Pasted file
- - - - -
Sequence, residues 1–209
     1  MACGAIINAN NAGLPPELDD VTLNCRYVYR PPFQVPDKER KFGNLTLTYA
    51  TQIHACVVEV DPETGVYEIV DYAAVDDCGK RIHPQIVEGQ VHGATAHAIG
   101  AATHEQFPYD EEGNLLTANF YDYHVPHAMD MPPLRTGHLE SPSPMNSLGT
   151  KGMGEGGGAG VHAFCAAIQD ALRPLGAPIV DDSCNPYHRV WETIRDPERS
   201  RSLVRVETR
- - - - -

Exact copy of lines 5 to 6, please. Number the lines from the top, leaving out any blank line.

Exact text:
   151  KGMGEGGGAG VHAFCAAIQD ALRPLGAPIV DDSCNPYHRV WETIRDPERS
   201  RSLVRVETR